1. Lesson: Language Basics
  2. Variables
    1. Naming
    2. Primitive Data Types
    3. Default Values
    4. Literals
    5. Using Underscore Characters in Numeric Literals
    6. Arrays
    7. Declaring a Variable to Refer to an Array
    8. Creating, Initializing, and Accessing an Array
    9. Copying Arrays
    10. Summary of Variables
    11. Questions and Exercises: Variables
  3. Expressions, Statements, and Blocks
    1. Expressions
    2. Statements
    3. Blocks
    4. Questions and Exercises: Expressions, Statements, and Blocks
  4. Control Flow Statements
    1. The if-then Statement
    2. The if-then-else Statement
    3. The switch Statement
    4. Using Strings in switch Statements
    5. The while and do-while Statements
    6. The for Statement
    7. The break Statement
    8. The continue Statement
    9. The return Statement
    10. Summary of Control Flow Statements
    11. Questions and Exercises: Control Flow Statements
  5. Lesson: Classes and Objects
    1. Classes
    2. Declaring Classes
    3. Declaring Member Variables
    4. Access Modifiers
    5. Types
    6. Variable Names
    7. Defining Methods
    8. Naming a Method
    9. Overloading Methods
    10. Providing Constructors for Your Classes
    11. Passing Information to a Method or a Constructor
    12. Parameter Types
    13. Arbitrary Number of Arguments
    14. Parameter Names
    15. Passing Primitive Data Type Arguments
    16. Passing Reference Data Type Arguments
    17. Objects
    18. Creating Objects
    19. Declaring a Variable to Refer to an Object
    20. Instantiating a Class
    21. Initializing an Object
    22. Using Objects
    23. Referencing an Object's Fields
    24. Calling an Object's Methods
    25. The Garbage Collector
    26. More on Classes
    27. Returning a Value from a Method
    28. Returning a Class or Interface
    29. Using the this Keyword
    30. Using this with a Field
    31. Using this with a Constructor
    32. Controlling Access to Members of a Class
    33. Understanding Instance and Class Members
    34. Class Variables
    35. Class Methods
    36. Constants
    37. The Bicycle Class
    38. Initializing Fields
    39. Static Initialization Blocks
    40. Initializing Instance Members
    41. Summary of Creating and Using Classes and Objects
    42. Questions and Exercises: Classes
    43. Questions and Exercises: Objects
  6. Nested Classes
    1. Why Use Nested Classes?
    2. Static Nested Classes
    3. Inner Classes
    4. Inner Class Example
    5. Local and Anonymous Inner Classes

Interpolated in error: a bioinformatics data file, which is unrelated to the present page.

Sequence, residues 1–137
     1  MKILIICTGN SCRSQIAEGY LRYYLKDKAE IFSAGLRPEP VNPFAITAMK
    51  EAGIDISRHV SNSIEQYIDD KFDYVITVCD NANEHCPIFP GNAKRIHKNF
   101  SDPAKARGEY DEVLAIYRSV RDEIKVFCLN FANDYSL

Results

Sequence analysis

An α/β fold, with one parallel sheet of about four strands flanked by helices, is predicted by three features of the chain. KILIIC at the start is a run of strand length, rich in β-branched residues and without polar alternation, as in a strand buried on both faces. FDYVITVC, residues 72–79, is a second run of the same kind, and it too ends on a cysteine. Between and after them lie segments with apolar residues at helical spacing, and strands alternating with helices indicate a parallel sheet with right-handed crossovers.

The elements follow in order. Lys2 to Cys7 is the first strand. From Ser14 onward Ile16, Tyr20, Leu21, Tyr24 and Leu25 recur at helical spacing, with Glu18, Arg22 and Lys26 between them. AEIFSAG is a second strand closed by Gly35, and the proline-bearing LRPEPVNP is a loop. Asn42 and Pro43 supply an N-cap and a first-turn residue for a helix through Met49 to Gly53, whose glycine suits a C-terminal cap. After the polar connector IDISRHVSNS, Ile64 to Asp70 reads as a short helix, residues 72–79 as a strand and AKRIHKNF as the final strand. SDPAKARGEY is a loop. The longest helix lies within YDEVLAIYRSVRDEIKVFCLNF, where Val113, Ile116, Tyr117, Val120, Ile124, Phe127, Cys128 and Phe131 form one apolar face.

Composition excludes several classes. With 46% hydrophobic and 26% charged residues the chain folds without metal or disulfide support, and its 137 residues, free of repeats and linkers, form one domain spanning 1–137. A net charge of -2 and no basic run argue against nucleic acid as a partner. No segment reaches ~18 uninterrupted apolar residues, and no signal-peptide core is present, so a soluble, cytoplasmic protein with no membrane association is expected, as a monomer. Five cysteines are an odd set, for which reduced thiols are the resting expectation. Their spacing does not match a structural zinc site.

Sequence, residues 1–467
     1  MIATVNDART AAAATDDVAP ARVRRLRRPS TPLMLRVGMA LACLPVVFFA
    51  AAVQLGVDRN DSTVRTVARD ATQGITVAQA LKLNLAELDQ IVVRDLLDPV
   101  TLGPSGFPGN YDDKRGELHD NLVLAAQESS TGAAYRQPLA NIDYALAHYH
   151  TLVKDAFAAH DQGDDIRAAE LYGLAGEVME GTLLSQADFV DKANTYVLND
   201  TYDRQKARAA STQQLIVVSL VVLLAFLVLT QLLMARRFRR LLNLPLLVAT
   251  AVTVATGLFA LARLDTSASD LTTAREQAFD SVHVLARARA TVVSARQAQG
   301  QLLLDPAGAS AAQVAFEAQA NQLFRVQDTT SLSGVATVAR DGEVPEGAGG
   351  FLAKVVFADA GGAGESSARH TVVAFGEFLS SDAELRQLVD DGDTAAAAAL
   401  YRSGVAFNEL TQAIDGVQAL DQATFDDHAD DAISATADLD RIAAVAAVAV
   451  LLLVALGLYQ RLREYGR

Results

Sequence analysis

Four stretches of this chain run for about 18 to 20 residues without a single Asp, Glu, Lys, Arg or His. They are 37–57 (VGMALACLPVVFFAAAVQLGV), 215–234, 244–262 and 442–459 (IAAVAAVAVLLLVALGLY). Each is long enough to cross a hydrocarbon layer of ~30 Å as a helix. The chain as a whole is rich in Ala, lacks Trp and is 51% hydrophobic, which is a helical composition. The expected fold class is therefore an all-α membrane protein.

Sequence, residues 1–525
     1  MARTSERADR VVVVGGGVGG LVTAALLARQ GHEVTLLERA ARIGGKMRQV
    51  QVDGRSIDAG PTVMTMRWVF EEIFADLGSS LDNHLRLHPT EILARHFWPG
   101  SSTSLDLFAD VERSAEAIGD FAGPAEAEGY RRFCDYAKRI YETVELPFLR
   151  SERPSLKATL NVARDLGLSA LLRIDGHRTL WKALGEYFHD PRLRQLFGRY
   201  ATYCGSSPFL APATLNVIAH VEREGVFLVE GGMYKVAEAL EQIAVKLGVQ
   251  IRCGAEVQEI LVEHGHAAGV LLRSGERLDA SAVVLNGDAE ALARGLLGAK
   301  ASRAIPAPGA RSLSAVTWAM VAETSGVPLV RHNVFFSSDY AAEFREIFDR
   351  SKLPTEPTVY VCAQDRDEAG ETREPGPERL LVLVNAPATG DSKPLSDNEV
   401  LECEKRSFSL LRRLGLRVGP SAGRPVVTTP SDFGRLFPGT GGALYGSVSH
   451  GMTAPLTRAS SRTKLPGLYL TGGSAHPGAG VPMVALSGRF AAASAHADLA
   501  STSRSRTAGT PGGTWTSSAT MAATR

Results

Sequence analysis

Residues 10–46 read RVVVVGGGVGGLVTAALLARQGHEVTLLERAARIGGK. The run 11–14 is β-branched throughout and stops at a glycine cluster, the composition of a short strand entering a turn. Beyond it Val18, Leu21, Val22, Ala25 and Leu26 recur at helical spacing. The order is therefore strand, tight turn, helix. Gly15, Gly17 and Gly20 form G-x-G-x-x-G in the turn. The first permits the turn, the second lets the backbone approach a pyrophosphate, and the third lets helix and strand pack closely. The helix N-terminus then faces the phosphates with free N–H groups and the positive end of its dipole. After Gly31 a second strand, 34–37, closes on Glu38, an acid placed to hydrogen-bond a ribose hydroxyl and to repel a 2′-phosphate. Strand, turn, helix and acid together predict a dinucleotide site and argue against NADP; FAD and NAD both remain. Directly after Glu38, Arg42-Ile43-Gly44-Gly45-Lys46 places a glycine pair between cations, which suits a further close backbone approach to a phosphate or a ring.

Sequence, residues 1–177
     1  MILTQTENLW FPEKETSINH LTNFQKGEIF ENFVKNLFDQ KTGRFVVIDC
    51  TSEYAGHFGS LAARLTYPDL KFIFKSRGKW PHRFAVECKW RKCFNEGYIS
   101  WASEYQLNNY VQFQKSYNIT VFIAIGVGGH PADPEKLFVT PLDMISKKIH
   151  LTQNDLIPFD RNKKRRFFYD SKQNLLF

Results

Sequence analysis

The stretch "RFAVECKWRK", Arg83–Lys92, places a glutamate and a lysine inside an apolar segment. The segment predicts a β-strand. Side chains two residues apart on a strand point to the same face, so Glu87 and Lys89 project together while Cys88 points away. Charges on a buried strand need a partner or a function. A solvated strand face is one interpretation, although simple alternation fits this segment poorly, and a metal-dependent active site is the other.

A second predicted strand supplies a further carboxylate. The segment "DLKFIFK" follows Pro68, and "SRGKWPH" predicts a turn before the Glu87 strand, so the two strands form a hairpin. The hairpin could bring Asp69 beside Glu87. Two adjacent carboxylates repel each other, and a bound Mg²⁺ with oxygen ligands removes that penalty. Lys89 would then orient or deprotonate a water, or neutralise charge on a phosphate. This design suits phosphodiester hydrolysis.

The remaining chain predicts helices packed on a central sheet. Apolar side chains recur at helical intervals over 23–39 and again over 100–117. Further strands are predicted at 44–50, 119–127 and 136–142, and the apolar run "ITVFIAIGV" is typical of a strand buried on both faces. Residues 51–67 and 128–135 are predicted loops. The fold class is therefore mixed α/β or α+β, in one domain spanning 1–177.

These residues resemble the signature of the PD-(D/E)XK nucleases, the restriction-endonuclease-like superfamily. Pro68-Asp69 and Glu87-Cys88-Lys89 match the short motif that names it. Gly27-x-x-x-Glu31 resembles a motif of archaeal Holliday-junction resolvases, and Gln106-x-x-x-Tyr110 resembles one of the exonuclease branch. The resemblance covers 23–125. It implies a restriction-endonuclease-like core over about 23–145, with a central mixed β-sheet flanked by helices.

6. Modifiers
    7. Summary of Nested Classes
    8. Questions and Exercises: Nested Classes
  7. Enum Types
    1. Questions and Exercises: Enum Types
  8. Annotations
    1. Documentation
    2. Annotations Used by the Compiler
    3. Annotation Processing
    4. Questions and Exercises: Annotations
  9. Lesson: Interfaces and Inheritance
    1. Interfaces
    2. Interfaces in Java
    3. Interfaces as APIs
    4. Interfaces and Multiple Inheritance
    5. Defining an Interface
    6. The Interface Body
    7. Implementing an Interface
    8. A Sample Interface, Relatable
    9. Implementing the Relatable Interface

5.23.Referencing an Object's Fields

Object fields are accessed by their name. You must use a name that is unambiguous.

You may use a simple name for a field within its own class. For example, we can add a statement within the Rectangle class that prints the width and height:

System.out.println(“Width and height are: ” + width + “, ” + height);

In this case, width and height are simple names.

Code that is outside the object’s class must use an object reference or expression, followed by the dot (.) operator, followed by a simple field name, as in:

objectReference.fieldName

For example, the code in the CreateObjectDemo class is outside the code for the Rectangle class. So to refer to the origin, width, and height fields within the Rectangle object named rectOne, the CreateObjectDemo class must use the names rectOne.origin, rectOne.width, and rectOne.height, respectively. The program uses two of these names to display the width and the height of rectOne:

System.out.println(“Width of rectOne: ” + rectOne.width);System.out.println(“Height of rectOne: ” + rectOne.height);

Attempting to use the simple names width and height from the code in the CreateObjectDemo class doesn’t make sense — those fields exist only within an object — and results in a compiler error.

Later, the program uses similar code to display information about rectTwo. Objects of the same type have their own copy of the same instance fields. Thus, each Rectangle object has fields named origin, width, and height. When you access an instance field through an object reference, you reference that particular object’s field. The two objects rectOne and rectTwo in the CreateObjectDemo program have different origin, width, and height fields.

To access a field, you can use a named reference to an object, as in the previous examples, or you can use any expression that returns an object reference. Recall that the new operator returns a reference to an object. So you could use the value returned from new to access a new object’s fields:

int height = new Rectangle().height;

This statement creates a new Rectangle object and immediately gets its height. In essence, the statement calculates the default height of a Rectangle. Note that after this statement has been executed, the program no longer has a reference to the created Rectangle, because the program never stored the reference anywhere. The object is unreferenced, and its resources are free to be recycled by the Java Virtual Machine.

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